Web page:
Tongue-in-cheek, intelligent and provocative, the ‘Natalia LL Probabilities’ exhibition at Roman Road Gallery poses questions that are as relevant today as they were when the artworks were originally created in the 1970’s. The two main walls of the gallery are dominated by two grids, each host to twenty black and white portrait photographs from the artists Consumer Art series – one is titled ‘Blonde Girl with Banana’ and the other ‘Blonde Girl with Sausage’. In-case your imagination has failed to conjure up an idea of what these images depict, allow me… all forty photographs feature the same blonde female, innocently framed with her hair in bunches, suggestively fondling, licking and biting either a banana or sausage (as their titles suggest). Far from cheap pornography, Natalia LL is making a feminist comment using phallic shaped objects to show men as a mere product consumed by the girl. This resonates further when put into context, as Natalia LL was a female Polish artist working in a male dominated Communist regime whose works were then used as a political tool to fight for equal rights and challenge masculine domination. These photographs are accompanied by two retro television sets playing different films, both depicting young, attractive females eating sexualised objects or writhing in their remains once they have been consumed! Finally a text based vinyl piece spanning the entire height of the gallery, plays with the artists own name ‘NATALIA!. Originally the letters were rearranged into over 5,000 new possibilities; a more succinct version is currently on display but still manages to achieve its’ goal of revealing that a persons’ name is just a fragment of their identity and the multiple variations of it highlight the subjectivity of women and how they are portrayed and indeed interpreted. Feminism is certainly having a moment in London galleries, and I’d advise a visit before it closes on 14th January.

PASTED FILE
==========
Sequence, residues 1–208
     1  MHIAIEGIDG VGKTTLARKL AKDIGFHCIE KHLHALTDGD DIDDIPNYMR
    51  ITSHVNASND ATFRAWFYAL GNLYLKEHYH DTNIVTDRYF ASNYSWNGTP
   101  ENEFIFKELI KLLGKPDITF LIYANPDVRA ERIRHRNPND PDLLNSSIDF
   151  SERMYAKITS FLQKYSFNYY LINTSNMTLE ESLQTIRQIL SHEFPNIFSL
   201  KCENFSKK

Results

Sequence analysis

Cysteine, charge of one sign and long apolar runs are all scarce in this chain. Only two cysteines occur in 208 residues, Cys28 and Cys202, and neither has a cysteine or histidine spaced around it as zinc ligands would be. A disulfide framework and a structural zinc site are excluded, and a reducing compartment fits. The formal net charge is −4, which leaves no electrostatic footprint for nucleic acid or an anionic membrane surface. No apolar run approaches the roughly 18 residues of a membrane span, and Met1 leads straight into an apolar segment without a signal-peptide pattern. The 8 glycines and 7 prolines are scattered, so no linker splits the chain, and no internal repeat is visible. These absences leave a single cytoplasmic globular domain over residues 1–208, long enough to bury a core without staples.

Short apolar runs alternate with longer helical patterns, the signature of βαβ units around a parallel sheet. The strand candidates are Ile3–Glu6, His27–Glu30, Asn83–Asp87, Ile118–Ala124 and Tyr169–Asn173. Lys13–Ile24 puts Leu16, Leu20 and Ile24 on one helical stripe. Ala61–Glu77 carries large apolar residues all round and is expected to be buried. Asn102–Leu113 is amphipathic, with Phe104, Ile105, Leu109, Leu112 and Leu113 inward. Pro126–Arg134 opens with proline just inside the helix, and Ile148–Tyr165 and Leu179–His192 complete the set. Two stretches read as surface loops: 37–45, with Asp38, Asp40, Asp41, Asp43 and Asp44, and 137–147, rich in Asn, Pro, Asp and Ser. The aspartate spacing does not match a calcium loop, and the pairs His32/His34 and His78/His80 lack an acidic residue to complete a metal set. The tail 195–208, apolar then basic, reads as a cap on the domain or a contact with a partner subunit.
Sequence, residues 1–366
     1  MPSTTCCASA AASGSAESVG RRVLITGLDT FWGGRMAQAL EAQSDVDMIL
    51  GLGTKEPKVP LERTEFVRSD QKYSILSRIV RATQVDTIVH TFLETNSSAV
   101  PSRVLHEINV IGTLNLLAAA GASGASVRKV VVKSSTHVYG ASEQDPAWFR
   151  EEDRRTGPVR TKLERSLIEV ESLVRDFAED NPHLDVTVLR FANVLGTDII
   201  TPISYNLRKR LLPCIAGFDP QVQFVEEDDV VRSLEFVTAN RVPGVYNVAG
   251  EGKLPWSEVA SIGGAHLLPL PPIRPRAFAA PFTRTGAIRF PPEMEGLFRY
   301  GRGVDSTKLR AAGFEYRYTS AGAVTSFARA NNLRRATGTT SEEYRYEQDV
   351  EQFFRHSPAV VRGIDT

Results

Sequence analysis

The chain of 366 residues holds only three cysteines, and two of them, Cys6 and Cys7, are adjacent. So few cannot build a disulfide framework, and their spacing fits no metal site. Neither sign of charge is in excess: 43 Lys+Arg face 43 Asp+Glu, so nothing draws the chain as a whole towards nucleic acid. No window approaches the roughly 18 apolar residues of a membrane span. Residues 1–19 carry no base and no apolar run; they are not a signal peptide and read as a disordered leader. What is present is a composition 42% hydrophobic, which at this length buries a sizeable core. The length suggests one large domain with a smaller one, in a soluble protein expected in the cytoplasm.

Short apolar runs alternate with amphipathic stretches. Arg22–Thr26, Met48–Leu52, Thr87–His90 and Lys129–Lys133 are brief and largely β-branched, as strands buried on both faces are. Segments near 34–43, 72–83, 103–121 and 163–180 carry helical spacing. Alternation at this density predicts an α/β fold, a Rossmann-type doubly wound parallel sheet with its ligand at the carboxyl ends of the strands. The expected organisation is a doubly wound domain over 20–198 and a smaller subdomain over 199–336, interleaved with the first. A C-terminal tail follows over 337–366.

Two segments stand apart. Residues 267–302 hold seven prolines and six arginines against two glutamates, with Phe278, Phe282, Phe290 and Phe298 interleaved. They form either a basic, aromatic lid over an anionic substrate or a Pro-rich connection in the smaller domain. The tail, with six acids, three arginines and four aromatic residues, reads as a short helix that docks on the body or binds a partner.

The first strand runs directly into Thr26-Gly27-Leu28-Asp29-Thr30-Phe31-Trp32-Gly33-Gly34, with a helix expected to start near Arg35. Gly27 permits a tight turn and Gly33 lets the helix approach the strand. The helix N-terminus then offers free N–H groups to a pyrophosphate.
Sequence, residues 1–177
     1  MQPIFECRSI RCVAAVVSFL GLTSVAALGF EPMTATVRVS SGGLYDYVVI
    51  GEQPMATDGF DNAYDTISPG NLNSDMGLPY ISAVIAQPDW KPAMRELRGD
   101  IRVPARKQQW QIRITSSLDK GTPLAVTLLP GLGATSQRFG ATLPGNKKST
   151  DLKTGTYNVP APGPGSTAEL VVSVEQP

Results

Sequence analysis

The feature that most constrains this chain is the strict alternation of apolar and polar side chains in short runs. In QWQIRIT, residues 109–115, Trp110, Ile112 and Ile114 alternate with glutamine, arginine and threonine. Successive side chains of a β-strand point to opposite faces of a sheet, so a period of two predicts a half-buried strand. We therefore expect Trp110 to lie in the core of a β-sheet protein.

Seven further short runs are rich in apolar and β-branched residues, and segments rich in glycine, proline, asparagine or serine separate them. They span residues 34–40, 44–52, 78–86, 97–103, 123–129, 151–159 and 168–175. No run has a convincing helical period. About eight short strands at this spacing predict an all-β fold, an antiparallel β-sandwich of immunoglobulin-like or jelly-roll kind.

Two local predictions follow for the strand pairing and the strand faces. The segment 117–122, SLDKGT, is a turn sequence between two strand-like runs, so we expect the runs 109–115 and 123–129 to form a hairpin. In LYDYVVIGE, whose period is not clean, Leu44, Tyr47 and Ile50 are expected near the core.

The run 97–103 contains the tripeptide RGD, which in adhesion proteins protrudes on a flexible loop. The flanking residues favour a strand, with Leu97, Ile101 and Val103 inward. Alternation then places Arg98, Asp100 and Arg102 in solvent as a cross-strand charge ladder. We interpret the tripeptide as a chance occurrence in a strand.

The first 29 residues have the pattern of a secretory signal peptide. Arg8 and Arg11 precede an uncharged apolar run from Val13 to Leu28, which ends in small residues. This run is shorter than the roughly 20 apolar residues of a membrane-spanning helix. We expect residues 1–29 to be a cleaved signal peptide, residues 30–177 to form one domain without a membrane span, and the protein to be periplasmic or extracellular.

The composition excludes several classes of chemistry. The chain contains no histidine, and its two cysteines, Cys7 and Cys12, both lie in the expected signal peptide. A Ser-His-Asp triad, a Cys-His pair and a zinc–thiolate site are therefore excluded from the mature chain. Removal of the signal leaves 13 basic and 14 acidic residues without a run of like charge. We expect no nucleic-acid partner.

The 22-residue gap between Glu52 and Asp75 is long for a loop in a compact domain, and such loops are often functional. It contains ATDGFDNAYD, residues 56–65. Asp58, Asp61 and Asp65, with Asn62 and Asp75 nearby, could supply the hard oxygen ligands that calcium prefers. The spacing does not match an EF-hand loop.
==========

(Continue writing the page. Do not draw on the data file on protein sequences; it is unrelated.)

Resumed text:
C/O Berlin’s current exhibition ‘Eyes Wide Open! 100 Years of Leica Photography’ uses Oskar Barnack’s Lilliputan camera (later the Leica) as a focal point to tease out changes, revolutions and innovations in photography from its invention in 1914 onwards. In our current selfie-obsessed digital age, it is amazing to think that there was once a time when cameras were static and producing images was slow, expensive and inaccessible to most people. However the Leica changed that, and this exhibition uses over 300 photographs, photobooks, magazines, original Leica cameras and film rolls to explore its impact. Taking a loosely chronological approach, the exhibition discuses Leica’s effect on reporting, ideology, propaganda, social and humanist issues, street photography, fashion and celebrity amongst other topics. The earlier black and white images are very evocative of their era and capture either the buzz surrounding new inventions such as airships, planes and cars or the horror of war, famine and civil unrest very powerfully. Moving into colour photography, there are stunning images on display, however I was struck by how little it added to its mono counterparts. This is not to say that things have become stagnant, and the exhibition excited me about what Leica and other photographic technology will develop next and the reverberations it will undoubtedly have. Countless iconic images are on display (including ones by Cartier-Bresson, Capa and Eisenstaedt to name a few), but a standout photograph for me was Alberto Korda’s portrait of Che Guevara which has been reproduced countless times across the globe – becoming such a familiar image, but one that up until this show I would not have been able to name the photographer responsible. This portrait is also displayed alongside negatives of the rest of the photographers’ film roll from that day, beautifully placing the moment this image was taken into greater context.